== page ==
“What is the IHS?” is a reasonable question to ask, because there are a few things that are very special about the IHS and its healthcare facilities. At first glance, these special characteristics may seem positive, but they actually have devastating unintended consequences, as I describe in my blog post.
“What is the MHS?” is a question not always asked by public health data scientists, but it should be. The MHS – or Military Health System – serves the US military through healthcare facilities in locations where civilians do not have access. I provide an explanation on my blog post.
“What is the HRSA?” can be answered two ways: with a short answer, and a long answer. The short answer is that it is the agency that funds public health departments in the United States. The long answer, which I unpack in my blog post, is more nuanced, harrowing, and ultimately, depressing.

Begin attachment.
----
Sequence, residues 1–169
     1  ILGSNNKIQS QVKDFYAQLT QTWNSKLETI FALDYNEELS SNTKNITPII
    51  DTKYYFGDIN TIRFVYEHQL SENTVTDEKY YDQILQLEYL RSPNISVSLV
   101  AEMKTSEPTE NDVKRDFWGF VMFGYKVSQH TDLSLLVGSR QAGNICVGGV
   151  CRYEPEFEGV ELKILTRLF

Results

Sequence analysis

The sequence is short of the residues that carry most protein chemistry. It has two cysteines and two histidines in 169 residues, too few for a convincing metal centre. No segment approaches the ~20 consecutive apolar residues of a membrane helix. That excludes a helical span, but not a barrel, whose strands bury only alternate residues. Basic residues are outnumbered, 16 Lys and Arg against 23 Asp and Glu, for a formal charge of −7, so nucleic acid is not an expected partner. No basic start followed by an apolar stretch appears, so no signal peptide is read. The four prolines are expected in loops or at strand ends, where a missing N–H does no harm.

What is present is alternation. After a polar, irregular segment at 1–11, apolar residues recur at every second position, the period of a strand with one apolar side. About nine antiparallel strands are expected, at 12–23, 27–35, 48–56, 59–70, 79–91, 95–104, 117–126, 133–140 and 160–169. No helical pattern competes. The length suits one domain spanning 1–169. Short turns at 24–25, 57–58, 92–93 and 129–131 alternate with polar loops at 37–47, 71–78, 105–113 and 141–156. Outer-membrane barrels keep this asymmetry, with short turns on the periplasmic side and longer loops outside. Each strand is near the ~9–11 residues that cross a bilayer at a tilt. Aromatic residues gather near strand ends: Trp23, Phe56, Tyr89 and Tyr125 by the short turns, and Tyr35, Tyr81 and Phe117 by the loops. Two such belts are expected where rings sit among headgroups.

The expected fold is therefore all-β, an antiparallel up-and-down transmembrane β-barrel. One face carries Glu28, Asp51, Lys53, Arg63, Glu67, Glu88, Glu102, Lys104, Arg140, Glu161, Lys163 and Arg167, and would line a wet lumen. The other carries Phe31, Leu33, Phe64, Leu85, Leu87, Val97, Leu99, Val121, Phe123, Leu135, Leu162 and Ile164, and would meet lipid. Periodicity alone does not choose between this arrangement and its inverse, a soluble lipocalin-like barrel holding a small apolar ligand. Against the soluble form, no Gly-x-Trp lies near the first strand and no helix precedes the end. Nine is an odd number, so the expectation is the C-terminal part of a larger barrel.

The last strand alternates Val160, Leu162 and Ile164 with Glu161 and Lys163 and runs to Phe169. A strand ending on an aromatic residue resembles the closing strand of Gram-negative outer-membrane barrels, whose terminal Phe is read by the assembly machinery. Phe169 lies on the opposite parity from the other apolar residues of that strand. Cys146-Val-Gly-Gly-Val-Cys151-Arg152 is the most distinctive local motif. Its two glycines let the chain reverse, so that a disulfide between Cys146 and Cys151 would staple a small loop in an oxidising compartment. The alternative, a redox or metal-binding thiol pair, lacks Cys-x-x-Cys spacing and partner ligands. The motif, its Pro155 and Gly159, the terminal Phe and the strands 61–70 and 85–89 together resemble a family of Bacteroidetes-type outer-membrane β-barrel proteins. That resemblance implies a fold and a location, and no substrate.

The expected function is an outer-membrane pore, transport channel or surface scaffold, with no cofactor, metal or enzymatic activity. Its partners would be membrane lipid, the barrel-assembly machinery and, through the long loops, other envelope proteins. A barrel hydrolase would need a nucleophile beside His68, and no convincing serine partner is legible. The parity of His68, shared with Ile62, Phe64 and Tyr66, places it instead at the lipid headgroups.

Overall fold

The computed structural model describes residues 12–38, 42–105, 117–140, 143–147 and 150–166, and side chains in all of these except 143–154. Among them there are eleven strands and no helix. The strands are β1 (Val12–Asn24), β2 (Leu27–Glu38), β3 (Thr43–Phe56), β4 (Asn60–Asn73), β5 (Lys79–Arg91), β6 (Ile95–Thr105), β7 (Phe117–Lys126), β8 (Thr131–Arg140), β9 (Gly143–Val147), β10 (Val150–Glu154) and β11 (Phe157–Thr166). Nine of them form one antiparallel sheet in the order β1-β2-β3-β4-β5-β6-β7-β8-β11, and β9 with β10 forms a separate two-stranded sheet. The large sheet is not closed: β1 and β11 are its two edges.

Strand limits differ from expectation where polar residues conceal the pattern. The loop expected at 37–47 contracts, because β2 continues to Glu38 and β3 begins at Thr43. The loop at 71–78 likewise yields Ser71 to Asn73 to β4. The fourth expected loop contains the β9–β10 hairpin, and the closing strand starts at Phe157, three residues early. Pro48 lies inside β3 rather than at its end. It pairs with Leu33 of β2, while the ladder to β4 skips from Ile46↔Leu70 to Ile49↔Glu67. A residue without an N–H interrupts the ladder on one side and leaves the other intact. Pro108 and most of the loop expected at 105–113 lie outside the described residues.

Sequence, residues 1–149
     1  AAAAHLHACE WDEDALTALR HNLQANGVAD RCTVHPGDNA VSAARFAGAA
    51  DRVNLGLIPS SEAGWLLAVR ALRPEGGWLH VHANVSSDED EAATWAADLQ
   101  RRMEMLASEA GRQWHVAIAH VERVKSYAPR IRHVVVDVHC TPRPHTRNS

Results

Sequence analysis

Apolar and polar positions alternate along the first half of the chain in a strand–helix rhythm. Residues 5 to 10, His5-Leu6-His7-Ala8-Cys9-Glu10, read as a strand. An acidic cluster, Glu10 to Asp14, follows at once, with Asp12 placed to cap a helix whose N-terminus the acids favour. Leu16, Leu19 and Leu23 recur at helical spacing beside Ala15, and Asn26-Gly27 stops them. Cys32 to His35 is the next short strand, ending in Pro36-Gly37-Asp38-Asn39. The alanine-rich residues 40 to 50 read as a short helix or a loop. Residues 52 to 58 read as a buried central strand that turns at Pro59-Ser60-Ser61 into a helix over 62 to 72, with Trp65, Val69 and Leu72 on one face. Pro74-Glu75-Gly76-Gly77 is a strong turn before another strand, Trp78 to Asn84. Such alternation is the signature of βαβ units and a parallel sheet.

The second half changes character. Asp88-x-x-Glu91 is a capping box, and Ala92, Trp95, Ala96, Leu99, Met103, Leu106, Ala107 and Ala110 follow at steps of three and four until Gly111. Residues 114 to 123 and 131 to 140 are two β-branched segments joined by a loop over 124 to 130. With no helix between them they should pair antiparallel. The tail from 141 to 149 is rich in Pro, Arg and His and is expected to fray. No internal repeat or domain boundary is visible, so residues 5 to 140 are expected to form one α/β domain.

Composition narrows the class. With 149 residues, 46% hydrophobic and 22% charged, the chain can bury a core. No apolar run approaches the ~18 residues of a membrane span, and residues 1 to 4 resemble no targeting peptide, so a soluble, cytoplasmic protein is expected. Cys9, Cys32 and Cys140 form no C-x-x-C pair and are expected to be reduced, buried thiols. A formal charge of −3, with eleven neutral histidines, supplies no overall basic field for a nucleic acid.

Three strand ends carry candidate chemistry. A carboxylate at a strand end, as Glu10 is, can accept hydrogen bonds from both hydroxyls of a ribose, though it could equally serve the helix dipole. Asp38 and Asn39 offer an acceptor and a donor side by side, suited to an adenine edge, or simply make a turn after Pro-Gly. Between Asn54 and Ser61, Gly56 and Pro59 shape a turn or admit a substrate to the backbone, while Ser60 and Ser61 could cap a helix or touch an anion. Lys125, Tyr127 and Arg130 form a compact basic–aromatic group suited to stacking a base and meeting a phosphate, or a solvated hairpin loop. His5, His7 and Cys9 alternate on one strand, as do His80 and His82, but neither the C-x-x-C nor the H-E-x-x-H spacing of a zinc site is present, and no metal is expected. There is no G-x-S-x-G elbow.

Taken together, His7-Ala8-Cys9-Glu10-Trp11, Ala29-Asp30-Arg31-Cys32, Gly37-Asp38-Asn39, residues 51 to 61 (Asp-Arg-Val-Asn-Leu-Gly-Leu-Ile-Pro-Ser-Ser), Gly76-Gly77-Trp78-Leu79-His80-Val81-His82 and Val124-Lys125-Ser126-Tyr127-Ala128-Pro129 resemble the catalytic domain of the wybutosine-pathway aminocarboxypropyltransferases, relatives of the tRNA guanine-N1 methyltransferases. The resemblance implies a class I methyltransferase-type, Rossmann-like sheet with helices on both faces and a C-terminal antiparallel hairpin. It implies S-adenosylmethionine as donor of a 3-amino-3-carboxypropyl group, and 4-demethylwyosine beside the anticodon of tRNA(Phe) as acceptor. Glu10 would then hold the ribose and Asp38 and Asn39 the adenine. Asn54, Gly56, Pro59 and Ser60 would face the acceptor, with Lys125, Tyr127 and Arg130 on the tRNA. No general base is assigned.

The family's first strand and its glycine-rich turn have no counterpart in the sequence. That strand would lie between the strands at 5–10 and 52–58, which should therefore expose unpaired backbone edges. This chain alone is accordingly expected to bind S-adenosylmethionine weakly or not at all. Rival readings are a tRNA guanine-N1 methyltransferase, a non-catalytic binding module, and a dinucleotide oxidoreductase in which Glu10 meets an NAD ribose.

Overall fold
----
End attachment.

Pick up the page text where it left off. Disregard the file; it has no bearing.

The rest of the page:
You might wonder what CMS – the Centers for Medicare and Medicaid Services – actually does. This blog post provides an overview of CMS’s role and activity in the US healthcare system.
What is the CEPH, and how does it relate to the other organizations in US public health? This blog post explains the history and function of the CEPH, and how it connects to the rest of Big Public Health in the US.
The United States (US) Bureau of Primary Healthcare (BPHC) is the federal agency that funds our safety net infrastructure serving patients who can’t get on Medicare or Medicaid. I explain how all that works, and the relationship of BPHC to the rest of the public health infrastructure.
What are the stages of the PDSA model, and how do they relate to the functions of a QA/QI department in healthcare? The answers are not straightforward. I examine these issues in this blog post.